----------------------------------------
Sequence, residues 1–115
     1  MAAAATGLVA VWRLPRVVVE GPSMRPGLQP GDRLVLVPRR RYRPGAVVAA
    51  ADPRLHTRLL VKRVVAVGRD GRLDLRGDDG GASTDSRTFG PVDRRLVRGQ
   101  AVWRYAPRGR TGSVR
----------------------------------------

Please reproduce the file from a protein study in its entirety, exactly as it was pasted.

Sequence, residues 1–115
     1  MAAAATGLVA VWRLPRVVVE GPSMRPGLQP GDRLVLVPRR RYRPGAVVAA
    51  ADPRLHTRLL VKRVVAVGRD GRLDLRGDDG GASTDSRTFG PVDRRLVRGQ
   101  AVWRYAPRGR TGSVR